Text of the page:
[Web-SIG] WSGI for Python 3
ianb at colorstudy.com
Fri Jul 16 21:28:25 CEST 2010
On Fri, Jul 16, 2010 at 1:40 PM, P.J. Eby <pje at telecommunity.com> wrote:
> At 11:07 AM 7/16/2010 -0500, Ian Bicking wrote:
>> And this doesn't help with Python 3: either we have byte values of
>> SCRIPT_NAME and PATH_INFO in Python 3, or we have text values.Â I think
>> bytes will be more awkward to port to than text, and inconsistent with other
>> WSGI values.
> OTOH, it has the tremendous advantage of pushing the encoding question onto
> the app (or framework) developer... who's really the only one who can make
> the right decision for their particular application. And personally, I'd
> rather have clear boundaries between text and bytes, such that porting (even
> if tedious or awkward) is *consistent*, and clear as to when you're
> finished, not, "oh, did I check to make sure I converted SCRIPT_NAME and
> PATH_INFO... not just in my app code, but in all the library code I call
> *from* my app?"
> IOW, the bytes/string discussion on Python-dev has kind of led me to
> realize that we might just as well make the *entire* stack bytes (incoming
> and outgoing headers *and* streams), and rewrite that bit in PEP 333 about
> using str on "Python 3000" to say we go with bytes on Python 3+ for
> everything that's a str in today's WSGI.
This was my first intuition too, until I started thinking in more detail
about the particular values involved. Some obviously are textish, like
environ['SERVER_NAME']. Not a very useful value, but definitely text.
Basically all the internal strings are textish, so we're left with:
HTTP_*, CONTENT_TYPE, CONTENT_LENGTH (headers)
response headers (name and value)
And there's a few things like REMOTE_USER that are kind of in the middle.
Everyone is in agreement that bodies should be bytes.
One initial problem is that the Python 3 stdlib handles bytes poorly, so for
instance there's no good way to reconstruct the URL using the stdlib. That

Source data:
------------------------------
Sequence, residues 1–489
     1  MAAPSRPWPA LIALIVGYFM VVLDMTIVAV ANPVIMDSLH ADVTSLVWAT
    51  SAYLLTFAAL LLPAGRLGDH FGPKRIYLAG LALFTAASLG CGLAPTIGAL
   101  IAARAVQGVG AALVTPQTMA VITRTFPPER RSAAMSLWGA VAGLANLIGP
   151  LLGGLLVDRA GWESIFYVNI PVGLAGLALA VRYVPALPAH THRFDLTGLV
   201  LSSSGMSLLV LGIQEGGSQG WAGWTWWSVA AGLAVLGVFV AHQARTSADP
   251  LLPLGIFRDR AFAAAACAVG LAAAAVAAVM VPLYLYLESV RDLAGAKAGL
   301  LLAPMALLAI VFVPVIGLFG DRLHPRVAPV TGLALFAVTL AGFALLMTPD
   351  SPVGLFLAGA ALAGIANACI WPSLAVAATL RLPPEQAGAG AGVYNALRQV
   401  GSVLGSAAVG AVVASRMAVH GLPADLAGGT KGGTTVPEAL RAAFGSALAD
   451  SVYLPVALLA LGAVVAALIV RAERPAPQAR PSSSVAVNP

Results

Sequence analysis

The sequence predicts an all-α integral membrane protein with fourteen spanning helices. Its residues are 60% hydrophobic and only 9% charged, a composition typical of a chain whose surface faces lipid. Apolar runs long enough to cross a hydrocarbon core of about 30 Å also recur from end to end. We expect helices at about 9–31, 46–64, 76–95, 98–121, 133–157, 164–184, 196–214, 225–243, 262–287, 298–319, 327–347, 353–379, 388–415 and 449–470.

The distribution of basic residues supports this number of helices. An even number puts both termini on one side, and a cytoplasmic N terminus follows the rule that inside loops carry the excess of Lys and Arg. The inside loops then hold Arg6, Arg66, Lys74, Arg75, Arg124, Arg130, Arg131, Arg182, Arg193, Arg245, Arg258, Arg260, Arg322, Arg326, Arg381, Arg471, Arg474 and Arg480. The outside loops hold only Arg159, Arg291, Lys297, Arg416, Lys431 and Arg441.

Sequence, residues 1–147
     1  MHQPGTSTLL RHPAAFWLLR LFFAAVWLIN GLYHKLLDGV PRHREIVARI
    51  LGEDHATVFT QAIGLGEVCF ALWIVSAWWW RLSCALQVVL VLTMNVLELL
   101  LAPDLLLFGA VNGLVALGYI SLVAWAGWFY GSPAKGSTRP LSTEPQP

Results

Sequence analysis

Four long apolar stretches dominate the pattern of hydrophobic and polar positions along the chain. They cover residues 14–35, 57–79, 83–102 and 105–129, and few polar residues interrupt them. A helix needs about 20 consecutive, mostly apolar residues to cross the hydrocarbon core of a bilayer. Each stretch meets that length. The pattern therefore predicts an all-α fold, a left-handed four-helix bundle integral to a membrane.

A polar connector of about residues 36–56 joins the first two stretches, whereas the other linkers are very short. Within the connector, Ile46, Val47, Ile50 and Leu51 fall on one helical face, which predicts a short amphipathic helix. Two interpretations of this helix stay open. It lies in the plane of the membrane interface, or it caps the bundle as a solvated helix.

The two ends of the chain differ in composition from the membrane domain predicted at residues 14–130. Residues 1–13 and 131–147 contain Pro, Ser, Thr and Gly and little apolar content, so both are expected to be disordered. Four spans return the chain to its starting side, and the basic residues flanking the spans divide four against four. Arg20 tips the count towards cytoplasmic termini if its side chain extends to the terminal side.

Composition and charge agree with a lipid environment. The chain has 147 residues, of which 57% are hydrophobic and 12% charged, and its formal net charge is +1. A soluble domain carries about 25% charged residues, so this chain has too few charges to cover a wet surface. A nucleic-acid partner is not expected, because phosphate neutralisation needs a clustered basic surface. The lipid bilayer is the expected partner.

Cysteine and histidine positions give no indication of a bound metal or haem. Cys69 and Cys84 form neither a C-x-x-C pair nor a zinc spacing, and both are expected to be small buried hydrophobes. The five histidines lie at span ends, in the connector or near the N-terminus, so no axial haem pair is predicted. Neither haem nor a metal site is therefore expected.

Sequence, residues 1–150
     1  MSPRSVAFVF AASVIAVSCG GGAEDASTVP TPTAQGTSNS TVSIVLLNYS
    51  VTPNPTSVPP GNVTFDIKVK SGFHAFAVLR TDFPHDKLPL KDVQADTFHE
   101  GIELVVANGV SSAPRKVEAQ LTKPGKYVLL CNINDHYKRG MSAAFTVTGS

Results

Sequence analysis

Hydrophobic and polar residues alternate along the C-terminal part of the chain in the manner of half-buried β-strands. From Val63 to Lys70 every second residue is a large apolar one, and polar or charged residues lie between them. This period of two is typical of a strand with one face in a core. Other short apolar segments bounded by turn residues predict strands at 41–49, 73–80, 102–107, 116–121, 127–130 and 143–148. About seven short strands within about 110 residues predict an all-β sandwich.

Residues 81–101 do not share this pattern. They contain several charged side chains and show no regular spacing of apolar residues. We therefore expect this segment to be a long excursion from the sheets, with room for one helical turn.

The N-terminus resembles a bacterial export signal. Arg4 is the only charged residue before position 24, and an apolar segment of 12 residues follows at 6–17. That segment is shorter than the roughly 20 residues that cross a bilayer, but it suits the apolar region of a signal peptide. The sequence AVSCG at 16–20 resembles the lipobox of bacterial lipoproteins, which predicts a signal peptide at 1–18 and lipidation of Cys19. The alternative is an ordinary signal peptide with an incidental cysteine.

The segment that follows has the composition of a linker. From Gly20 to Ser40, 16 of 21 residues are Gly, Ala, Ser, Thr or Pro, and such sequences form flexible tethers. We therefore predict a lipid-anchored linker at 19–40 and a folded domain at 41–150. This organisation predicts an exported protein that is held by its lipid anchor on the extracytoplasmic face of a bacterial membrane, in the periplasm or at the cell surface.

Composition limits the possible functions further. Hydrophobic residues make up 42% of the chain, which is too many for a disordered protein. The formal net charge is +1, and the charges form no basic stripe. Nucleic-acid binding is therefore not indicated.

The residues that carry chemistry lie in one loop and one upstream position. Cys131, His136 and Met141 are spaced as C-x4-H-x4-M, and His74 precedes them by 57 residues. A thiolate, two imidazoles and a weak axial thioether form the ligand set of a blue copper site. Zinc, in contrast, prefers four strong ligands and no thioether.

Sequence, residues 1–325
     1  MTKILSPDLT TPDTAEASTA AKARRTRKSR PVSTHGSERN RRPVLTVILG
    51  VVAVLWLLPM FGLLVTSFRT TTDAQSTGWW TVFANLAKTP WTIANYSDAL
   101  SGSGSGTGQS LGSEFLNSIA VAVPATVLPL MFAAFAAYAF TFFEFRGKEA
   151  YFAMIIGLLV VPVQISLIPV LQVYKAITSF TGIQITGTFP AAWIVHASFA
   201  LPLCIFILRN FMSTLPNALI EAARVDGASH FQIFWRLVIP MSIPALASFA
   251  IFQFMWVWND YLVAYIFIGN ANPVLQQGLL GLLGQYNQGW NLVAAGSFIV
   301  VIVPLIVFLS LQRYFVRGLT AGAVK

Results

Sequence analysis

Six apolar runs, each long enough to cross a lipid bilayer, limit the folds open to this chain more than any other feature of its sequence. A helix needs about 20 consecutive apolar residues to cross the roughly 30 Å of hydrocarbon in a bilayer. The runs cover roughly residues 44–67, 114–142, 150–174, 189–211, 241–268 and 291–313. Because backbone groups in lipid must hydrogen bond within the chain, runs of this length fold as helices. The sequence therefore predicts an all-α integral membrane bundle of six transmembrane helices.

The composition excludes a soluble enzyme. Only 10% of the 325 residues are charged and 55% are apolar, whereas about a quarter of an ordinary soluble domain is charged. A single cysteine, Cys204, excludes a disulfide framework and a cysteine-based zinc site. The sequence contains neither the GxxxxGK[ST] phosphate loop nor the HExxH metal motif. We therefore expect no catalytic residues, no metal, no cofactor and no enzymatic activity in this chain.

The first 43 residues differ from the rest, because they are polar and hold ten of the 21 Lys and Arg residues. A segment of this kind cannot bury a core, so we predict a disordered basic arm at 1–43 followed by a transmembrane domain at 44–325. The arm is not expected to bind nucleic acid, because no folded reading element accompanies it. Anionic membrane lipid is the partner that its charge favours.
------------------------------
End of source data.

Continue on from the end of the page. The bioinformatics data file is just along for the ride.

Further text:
explains certain tensions, but I think we should ignore that, and in fact
that's what Python-Dev seemed to say pretty clearly.
Now, the other keys:
wsgi.url_scheme: clearly ASCII
SCRIPT_NAME/PATH_INFO: often UTF-8, could be no encoding, could be some old
raw request path: should be ASCII (non-ASCII should be URL-encoded). URL
encoding happens at the byte layer, so a server could reasonably URL encode
any non-ASCII characters without imposing any encoding.
QUERY_STRING: should be ASCII, same as raw request path
headers: Most are ASCII. Latin1 is a reasonable fallback and suggested by
the specification. The spec also implies you have use the RFC2047 inline
encoding (like ?iso-8859-1?q?some=20text?=), but nothing supports this and
supporting it would probably be a bad idea for security reasons. The
Atompub spec (reasonably modern) specifically says Title headers should be
encoded with RFC2047 (if they are not ISO-8859-1):
decoding this kind of encoding at the application layer seems reasonable to
cookie header: this specific header can easily have multiple encodings, as
the browser encodes data then treats it as opaque bytes, so a cookie can be
set via UTF-8 one place, Latin1 another, and those coexist in one header.
That is, there is no real encoding and this should be treated as bytes.
(Latin1 is an approximation of bytes... a spotty way to treat bytes, but
response status: I believe the spec says this must be Latin1/ISO-8859-1. In
practice it is almost always ASCII, and since it is not user-visible it's
not something that really needs localization.
response headers: the spec implies Latin1, in practice the Set-Cookie header
is bytes (since interoperation with wonky legacy systems is not uncommon).
I'm not sure of any other exceptions?
So... to me it seems pretty reasonable for HTTP specifically that text can
work. And if feels weird that, say, environ['SERVER_NAME'] be text and
environ['HTTP_HOST'] not, and I don't know what environ['REMOTE_ADDR']
should be in that mode. And it would also be weird if
environ['SERVER_NAME'] was bytes.
In the past when we've gotten down to specifics, the only holdup has been
SCRIPT_NAME/PATH_INFO, hence my suggestion to eliminate those.
Ian Bicking | http://blog.ianbicking.org
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